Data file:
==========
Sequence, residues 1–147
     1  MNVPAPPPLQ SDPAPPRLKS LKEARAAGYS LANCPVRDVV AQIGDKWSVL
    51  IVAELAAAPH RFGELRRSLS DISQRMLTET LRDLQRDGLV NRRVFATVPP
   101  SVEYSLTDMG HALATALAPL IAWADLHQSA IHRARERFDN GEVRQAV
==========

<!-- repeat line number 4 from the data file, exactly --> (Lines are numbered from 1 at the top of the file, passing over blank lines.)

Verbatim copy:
   101  SVEYSLTDMG HALATALAPL IAWADLHQSA IHRARERFDN GEVRQAV